Years ago there was an office in the Birmingham Bull Ring for something called the Solid Fuel Advisory Service; run, of course, by the Coal Board. I assumed their advice would go something like this:

Should I have a gas fire, or a coal fire?

- Coal.

And if a woman comes to the BPAS and says, "I'm pregnant and I'm not sure what to do," what (when there's no cameras or voice recorders) will their advice be?

- And do they put it in writing?


Stewart Cowan said...

I have noticed that Google seems to be highly biased, period. Recent searches for information pertaining to scripture have brought up Mormon and J.W. sites on the first page. Like Wikipedia (in my experience as a frustrated editor), the truth must be buried, even to the extent that obvious facts are denied on the flimsy basis of what someone in a government department says, which can overrule centuries of wisdom accumulated from around the world.

Paddington said...

My wife read an autobiography of a lady who lived through the depression in the US. Every family that she knew had had a relative die of a botched illegal abortion. One estimate that I saw from a Sociologist was that the abortion rate in the 1930's was 3-4 times what it is now, largely thanks to the lack of access to contraceptives. The pro-life groups in the US are also anti-contraception, again under the banner of 'sex should have penalties' (except, of course for the staunchly anti-abortion conservative politicians, who arrange them for their girlfriends).

Sackerson said...

@P: Yes, hard choices etc. However today an unwanted pregnancy doesn't entail death through starvation, as once it well might.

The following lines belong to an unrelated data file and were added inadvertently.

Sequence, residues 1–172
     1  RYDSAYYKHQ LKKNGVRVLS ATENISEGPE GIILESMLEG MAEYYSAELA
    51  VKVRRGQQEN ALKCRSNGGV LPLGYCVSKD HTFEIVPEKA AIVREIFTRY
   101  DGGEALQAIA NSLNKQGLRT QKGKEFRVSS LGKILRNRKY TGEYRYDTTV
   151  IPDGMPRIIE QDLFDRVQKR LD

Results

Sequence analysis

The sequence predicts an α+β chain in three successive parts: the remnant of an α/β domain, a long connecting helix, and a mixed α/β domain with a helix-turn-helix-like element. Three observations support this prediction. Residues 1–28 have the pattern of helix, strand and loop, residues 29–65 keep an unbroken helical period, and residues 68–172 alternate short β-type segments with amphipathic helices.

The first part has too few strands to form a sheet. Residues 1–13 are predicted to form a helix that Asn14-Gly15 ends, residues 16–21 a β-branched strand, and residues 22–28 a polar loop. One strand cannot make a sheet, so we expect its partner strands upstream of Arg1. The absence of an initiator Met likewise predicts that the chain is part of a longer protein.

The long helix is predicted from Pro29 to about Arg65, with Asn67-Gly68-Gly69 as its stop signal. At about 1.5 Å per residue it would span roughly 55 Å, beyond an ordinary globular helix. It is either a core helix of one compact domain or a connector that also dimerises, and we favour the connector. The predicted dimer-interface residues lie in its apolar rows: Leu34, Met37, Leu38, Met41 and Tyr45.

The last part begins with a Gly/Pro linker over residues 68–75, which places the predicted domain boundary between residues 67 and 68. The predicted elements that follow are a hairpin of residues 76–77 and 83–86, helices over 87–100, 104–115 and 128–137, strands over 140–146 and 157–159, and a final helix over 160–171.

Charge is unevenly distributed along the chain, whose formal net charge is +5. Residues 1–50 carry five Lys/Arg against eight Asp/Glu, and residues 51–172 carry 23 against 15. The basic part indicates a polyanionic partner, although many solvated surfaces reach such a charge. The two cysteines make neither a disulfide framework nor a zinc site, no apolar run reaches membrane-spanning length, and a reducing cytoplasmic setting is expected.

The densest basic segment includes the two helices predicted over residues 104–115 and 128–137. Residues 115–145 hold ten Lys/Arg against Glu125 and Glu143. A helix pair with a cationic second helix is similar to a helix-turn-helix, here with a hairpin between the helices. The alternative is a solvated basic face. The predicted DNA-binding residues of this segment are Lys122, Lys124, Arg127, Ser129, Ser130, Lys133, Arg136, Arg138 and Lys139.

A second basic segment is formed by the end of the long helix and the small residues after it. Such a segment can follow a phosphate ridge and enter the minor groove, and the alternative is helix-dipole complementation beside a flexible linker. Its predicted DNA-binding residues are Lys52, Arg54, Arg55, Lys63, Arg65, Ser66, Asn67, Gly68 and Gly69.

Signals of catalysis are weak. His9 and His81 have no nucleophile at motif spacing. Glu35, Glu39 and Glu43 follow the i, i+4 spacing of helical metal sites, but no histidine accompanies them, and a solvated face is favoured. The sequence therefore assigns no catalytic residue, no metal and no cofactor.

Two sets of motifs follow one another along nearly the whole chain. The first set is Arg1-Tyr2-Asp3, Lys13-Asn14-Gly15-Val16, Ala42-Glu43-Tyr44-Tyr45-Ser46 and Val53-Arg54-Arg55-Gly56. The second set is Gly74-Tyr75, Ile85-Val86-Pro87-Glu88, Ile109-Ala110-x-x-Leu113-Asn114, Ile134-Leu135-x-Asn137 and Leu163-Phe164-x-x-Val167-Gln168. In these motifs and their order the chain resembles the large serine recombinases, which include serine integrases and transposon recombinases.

Botched: have you heard of webcam abortions?

"Still being done today across the United States, webcam abortions are chemical abortions performed with no doctor on site. Non-medical staff are trained to do transvaginal ultrasounds. This invasive practice should be done by trained professionals, not entry-level staff. Upon completion of the ultrasound, the image of the unborn baby is scanned to a doctor. If the physician determines the gestational age to be 70 days or less, he pushes a button, remotely opening a small drawer containing the first drug, Mifeprex. Taken while the doctor watches via a Skype-like connection, Mifeprex blocks hormones, starving the baby of nutrition. The second set of pills, Misoprostol, will be taken two days later. The contractions begin, and the mother delivers her lifeless baby at home. Alone."

- and if there are complications (haemorrhaging etc)...

To be clear, I'm not banging the drum as though I were a pro-lifer, or a Christian, but looking to put some balance and logical consistency into a debate fogged with prejudice and deceit.

Stewart Cowan said...

That's the point I was going to make, Sackerson, about the Depression. Not that I agree with it even then.

Botched? Have look at Marie Stopes International's record on negligence. MSI is one of Britain's main abortion 'providers' and in receipt of large sums of public money to spread their love to Africa.